For example, we brought about 100 people from a global company into one of these meetings for two days. For the first four hours we talked about what all the barriers are – what I would call the ´unspeakable subjects´: those things people talk about behind closed doors – that they are afraid to say out loud – in case they get fired. We know that people are afraid they are going to get fired if they speak candidly, so at these meetings senior officers have to offer amnesty. We have to tell people that we want to increase the performance of our company and this is a meeting where not only are you not going to be fired, you are going to be rewarded for telling us what gets in the way. To ensure that this happens we suggest that senior executives be armed with some of those unspeakable subjects. Prior to some of the meetings we ran we did some interviewing to find out what some of those barriers were. In one instance, the CEO started the meeting by saying, ´I know what you´re thinking. You´re thinking the biggest barrier to this company is me. You don´t think I have the passion to do the job.´ He went on to say, ”You are also thinking our bureaucracy has become too cumbersome, we have too much paperwork, too many initiatives.´ So he said the things that people were thinking. He set the stage for people to begin talking about these things.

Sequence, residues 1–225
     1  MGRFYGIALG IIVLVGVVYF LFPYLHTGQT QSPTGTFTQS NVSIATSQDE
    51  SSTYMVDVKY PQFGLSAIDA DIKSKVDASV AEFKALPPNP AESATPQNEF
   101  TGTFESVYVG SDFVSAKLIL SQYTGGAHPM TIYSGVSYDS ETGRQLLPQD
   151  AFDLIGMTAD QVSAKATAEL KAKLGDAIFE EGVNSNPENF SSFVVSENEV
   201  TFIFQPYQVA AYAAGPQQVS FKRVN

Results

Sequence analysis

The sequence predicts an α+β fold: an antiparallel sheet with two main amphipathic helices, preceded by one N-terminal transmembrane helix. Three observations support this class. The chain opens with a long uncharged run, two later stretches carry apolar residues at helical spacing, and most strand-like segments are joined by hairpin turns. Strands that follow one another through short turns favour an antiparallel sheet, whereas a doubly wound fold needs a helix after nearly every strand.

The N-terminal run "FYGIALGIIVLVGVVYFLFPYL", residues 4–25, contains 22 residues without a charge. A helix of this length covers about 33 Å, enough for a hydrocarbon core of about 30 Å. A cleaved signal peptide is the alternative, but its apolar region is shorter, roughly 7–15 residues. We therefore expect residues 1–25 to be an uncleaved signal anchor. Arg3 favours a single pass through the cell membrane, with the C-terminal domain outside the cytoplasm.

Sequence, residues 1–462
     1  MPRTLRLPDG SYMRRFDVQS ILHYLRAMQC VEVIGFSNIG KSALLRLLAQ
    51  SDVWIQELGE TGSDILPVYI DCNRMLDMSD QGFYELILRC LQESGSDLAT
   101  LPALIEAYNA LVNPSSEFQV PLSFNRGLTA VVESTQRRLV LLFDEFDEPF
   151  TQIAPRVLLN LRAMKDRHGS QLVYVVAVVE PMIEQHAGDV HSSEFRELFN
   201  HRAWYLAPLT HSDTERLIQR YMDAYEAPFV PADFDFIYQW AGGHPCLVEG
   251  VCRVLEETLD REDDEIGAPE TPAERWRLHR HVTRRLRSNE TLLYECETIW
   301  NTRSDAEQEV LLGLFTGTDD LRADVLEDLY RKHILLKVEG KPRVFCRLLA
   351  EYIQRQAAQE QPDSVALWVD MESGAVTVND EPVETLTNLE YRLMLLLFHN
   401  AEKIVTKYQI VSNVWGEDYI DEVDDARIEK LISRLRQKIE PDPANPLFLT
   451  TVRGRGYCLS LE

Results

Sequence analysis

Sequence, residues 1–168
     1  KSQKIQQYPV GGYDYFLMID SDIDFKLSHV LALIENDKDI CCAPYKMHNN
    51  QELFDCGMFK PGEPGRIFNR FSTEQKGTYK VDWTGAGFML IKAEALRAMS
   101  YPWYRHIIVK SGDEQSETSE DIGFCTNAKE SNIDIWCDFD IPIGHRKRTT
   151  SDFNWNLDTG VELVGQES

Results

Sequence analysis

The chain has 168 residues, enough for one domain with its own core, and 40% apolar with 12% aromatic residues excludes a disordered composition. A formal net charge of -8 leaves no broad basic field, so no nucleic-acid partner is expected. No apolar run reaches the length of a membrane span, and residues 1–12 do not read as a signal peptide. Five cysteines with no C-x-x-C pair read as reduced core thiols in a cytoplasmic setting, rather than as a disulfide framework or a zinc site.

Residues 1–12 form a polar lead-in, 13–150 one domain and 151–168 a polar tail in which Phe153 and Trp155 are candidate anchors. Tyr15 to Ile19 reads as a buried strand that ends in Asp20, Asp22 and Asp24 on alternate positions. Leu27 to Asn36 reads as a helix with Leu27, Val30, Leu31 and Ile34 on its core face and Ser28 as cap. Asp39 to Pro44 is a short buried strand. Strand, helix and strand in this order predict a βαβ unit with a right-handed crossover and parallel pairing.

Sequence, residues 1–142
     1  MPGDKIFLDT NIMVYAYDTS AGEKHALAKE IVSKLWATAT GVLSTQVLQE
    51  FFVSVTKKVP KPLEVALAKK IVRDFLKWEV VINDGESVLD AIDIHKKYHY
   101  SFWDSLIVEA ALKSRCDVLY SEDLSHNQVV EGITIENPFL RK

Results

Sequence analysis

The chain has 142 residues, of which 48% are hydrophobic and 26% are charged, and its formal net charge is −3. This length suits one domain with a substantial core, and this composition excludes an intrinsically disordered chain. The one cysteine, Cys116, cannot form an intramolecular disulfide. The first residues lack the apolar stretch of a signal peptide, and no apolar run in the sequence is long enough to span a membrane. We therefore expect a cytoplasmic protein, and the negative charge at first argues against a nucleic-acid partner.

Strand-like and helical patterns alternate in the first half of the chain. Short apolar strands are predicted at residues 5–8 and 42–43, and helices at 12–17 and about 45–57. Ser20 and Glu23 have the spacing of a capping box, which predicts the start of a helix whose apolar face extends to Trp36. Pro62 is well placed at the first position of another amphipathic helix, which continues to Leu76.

We talked about four hours and had real honest dialogue about the barriers. Then, we created teams within the meeting to address those barriers to success and to figure out, within the two days, how we could get rid of them. As a result, when we started this meeting, they had 60 technology initiatives in play. They reduced it down to 10. They eliminated 460 lines of paperwork. It saved the people in the room a whole lot of time. They constructed three new deals at this meeting and worked together with the senior executives to go to market. Three months later, they brought in $17 million dollars of new revenue to the bottom line and had over 5 new global client contracts – none of this had been started prior to that meeting.